Our Wondrous One Hundred Print
Article Index
Our Wondrous One Hundred
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Dale Chihuly, ’65
Chihuly brought the notion of collaborative teams to the Studio Glass movement, and made the blown glass form an accepted vehicle for installation art. Once he captured the garden in glass; now his Mille Fiori installations at museums and galleries from Tacoma to New York are gardens themselves. Photo by Benjamin Benschneider / Seattle Times.

 

 

 

 

 

Bob Houbregs, ’59
In 1958, the Husky men’s basketball team failed to make the NCAA tournament, and their talented forward/center was left selling programs outside the Final Four—held, heartbreakingly, at Hec Edmundson Pavilion. The next year, Houbregs was the program, averaging nearly 35 points a game in the tournament and leading the Huskies to the semifinals. He was named national Player of the Year, was picked third in the NBA draft and is now in the Basketball Hall of Fame. Photo courtesy of UW Athletic Communications.

 

 

Daniel O’Neill, ’72
Most UW students look for a job after graduation. O’Neill sold his possessions and took off on a volunteer mission to Africa, Europe and the Middle East. In 1981, he founded Mercy Corps, a humanitarian organization that has since provided over $1 billion in assistance to people in 100 nations. Photo courtesy of Mercy Corps.

 

 

 

Kyle MacLachlan, ’82
MacLachlan studied drama at the UW, and he must have studied well. Not long after graduating, he starred in the films Dune and Blue Velvet. A Golden Globe Award winner and Emmy nominee, he can now be seen playing mysterious dentist Orson Hodge on Desperate Housewives. Photo by Matt Sayles.

 

 

 

Chris DeWolfe, ’88
Who knew an online networking site like MySpace.com, which hosts over 230 million accounts, would be so popular? MySpace CEO and co-founder DeWolfe did. Launched in 2003, the site quickly took off and has only grown more since News Corp. bought it for $580 million in 2005. Photo by Robert Scoble.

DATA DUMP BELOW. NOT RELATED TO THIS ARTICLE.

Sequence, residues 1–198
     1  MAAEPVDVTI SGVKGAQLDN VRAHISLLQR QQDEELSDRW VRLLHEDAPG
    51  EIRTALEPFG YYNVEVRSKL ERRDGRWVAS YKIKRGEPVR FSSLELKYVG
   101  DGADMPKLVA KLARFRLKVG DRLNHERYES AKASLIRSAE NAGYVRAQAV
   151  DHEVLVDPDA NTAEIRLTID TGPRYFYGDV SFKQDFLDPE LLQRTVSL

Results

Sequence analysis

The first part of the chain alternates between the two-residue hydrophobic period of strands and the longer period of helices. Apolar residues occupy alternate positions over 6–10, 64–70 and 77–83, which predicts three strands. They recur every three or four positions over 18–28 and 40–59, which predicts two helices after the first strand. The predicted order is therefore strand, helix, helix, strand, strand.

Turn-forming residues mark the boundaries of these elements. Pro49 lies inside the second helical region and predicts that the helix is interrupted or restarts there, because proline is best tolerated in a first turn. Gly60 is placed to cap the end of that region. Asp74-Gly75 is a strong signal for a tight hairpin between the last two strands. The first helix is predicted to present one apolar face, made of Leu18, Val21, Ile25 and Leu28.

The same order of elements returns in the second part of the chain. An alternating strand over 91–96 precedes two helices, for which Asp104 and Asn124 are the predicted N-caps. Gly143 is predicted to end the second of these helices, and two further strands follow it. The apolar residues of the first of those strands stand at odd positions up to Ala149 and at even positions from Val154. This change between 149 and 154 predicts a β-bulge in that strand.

David Horsey, ’75
A two-time Pulitzer Prize winner, editorial cartoonist Horsey has entertained, enlightened and sometimes outraged readers of the Seattle Post-Intelligencer and 450 other newspapers. He got his start when The Daily staff elected him as editor in 1974, the first time a cartoonist assumed that exalted position. Image courtesy of David Horsey.

 

 

 

Dawn Wells, ’60
She achieved television immortality as Mary Ann on the short-running, long-syndicated sitcom Gilligan’s Island—the wholesome counterpart to sex-kittenish Ginger Grant. Wells still receives about 50 fan letters a week. Photo by Wally Fong.

 

 

 

Dan Evans, ’48, ’49, and Norm Rice, ’72, ’74
Power Lunch: Democrat Rice (right), Seattle’s first and only African American mayor, takes a coffee break in the HUB with Republican Evans, Washington’s beloved former governor and U.S. senator. Rice is currently Distinguished Practitioner-in-Residence at the Daniel J. Evans School of Public Affairs. Photo by Mary Levin.